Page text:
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Veterans Day

vet·er·an      [vet-er-uhn, ve-truhn] Pronunciation KeyShow IPA Pronunciation

–noun

1. a person who has had long service or experience in an occupation, office, or the like: a veteran of the police force; a veteran of many sports competitions.
2. a person who has served in a military force, esp. one who has fought in a war: a Vietnam veteran.

–adjective

3. (of soldiers) having had service or experience in warfare: veteran troops.
4. experienced through long service or practice; having served for a long period: a veteran member of Congress.
5. of, pertaining to, or characteristic of veterans.

[Origin: 1495–1505; < L veterānus mature, experienced, equiv. to veter- (s. of vetus) old + -ānus -an]

I appreciate #2 of the definition above, pulled from dictionary.com, that illustrates a military veteran as a “Vietnam veteran.”  All too often our focus ends with a WWII veteran.  We’ve just about run out of WWI vets and the WWII vets, now called the Greatest Generation, are dying at the rate of about 1000 a day.  In the flurry to honor them while we still have them, we can lose sight of the men who fought in Korea because that was a police action headed up by the United Nations.  Our Viet Nam vets often take a back seat.  Those are the men who were spat on when they came home.  They are the ones who sometimes don’t tell people that they are veterans who were fighting to keep communism at bay and were trashed by a generation of college students whose motives are still under debate, many of whom themselves embraced Karl Marx’ communist socialist policies.  At least one of them is currently running for president.  Personally, I believe their politics were wrong then and they’re still wrong.  Enemies don’t stop fighting and back down because we yell “peace.”

Honey’s great-grandfather, George Wesley Brock, at the age of 16, volunteered to preserve the United part of USA in the War Between the States.  Geo.Wesley’s grandfather, also a George, fought in the War of 1812, the “second revolution” against Britan’s attempt to recapture us, was himself captured by Indians sympathetic to Britain and survived a gauntlet because he said, “I’m half Indian.”  My father wore the army uniform in WWII to defeat two nations who would destroy our freedoms.  His great, great grandfather, John Murphy, Sr, fought to create a free nation in the Revolutionary War at Valley Forge as did his father-in-law, William Cooke.

So, which veterans are we honoring and if you say “all” are you limiting the celebration to those who served in combat in WWII, Korea, Viet Nam, The Gulf War, and Iraq?  What about Bosnia? Afghanistan?  What about the desk jockeys, and those who put in duty in Germany in peacetime?   Anybody who’s worn the uniform, whether he or she is shooting a gun or working at the PX, signed a contract that committed them to following orders, giving up their right to free speech, and going wherever and whenever, even at the cost of their lives.

Honey enlisted in the Navy in 1968 while Viet Nam was still in full swing.  He signed the contract, put on the uniform and boarded ship.  He’s a veteran by definition #2.  This morning he had the privilege of honoring men and women in our congregation as well as veterans in general.  This is what he wrote:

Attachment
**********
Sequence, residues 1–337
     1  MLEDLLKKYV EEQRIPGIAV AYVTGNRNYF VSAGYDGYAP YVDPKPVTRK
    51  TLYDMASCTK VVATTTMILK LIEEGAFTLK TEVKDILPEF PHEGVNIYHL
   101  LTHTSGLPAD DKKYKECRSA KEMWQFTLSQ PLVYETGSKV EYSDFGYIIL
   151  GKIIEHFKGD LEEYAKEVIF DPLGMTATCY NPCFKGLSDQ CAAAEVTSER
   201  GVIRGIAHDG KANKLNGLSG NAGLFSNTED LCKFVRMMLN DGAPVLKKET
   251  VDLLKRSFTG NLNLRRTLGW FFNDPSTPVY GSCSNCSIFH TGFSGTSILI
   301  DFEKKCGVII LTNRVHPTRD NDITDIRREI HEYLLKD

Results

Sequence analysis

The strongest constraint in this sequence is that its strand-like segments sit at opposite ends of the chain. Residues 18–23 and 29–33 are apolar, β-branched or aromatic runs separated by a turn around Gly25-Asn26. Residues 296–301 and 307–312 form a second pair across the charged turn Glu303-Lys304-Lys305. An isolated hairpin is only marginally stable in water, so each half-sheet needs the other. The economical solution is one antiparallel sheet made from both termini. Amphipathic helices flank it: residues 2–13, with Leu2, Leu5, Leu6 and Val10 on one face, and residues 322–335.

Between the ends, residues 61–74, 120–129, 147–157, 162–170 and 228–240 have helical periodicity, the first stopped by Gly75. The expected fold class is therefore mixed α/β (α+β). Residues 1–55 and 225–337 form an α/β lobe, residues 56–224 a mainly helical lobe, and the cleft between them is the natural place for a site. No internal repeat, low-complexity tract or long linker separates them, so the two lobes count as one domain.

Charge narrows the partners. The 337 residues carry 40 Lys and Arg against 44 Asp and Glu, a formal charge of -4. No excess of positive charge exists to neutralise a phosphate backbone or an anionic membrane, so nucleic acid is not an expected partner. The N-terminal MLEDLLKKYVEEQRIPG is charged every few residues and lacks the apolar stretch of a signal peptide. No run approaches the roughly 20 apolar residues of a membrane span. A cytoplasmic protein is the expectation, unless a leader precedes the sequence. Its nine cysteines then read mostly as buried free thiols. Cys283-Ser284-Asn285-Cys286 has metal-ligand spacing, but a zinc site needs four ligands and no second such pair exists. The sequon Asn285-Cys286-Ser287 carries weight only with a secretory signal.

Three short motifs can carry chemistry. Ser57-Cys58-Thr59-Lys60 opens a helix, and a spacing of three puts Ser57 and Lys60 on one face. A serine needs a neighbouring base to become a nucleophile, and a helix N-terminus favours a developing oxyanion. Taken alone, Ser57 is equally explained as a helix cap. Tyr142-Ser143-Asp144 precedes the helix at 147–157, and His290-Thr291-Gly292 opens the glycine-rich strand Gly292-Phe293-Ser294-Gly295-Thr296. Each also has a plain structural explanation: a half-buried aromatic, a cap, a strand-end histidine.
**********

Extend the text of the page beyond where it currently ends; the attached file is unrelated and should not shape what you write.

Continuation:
Today on the Veterans Day we gather together around the Lord’s table to give a tribute to our forefathers who paved the way for the freedoms we so richly enjoy today.  But more importantly, we come here today to honor a savior who died for our eternal freedom.

Today, we salute the cop on the beat who spent six months in Saudi Arabia sweating two gallons a day making sure the armored personnel carriers didn’t run out of fuel for their mission.

We remember the nurse who fought against futility and went to sleep sobbing every night for two solid years in Da Nang.

We honor the Quantico drill instructor who has never seen combat, but has saved countless lives by turning slouchy, no-account rednecks and gang members into Marines, and then teaching them how to watch each others’ backs.

We salute the barroom loudmouth, dumber than a box of rocks, whose overgrown fratboy behavior is outweighed a hundred times by four hours of exquisite behavior near the 38th parallel.

We remember the parade riding Legionnaire who pins on his ribbons and medals with a prosthetic hand.

We remember the old guy bagging groceries at the supermarket–palsied now and aggravatingly slow–who helped liberate a Nazi death camp and who wishes all day long that his wife was still alive to hold him when the nightmares come.

We remember our Navy signalman who still holds close a tear stained picture of a best friend who lost his life in the line of duty.

Yes, we honor the ordinary, yet extraordinary human beings who offered some of life’s most vital years in the service of their country, and sacrificed all of their life’s ambitions so others would not have to sacrifice theirs.

Most importantly, we honor and remember the greatest soldier of all, Jesus Christ our Lord, who came to earth to fight the Good Fight, Who took up the sword of righteousness on behalf of all mankind and became the greatest testimony this world has ever known for the greatest promise ever given.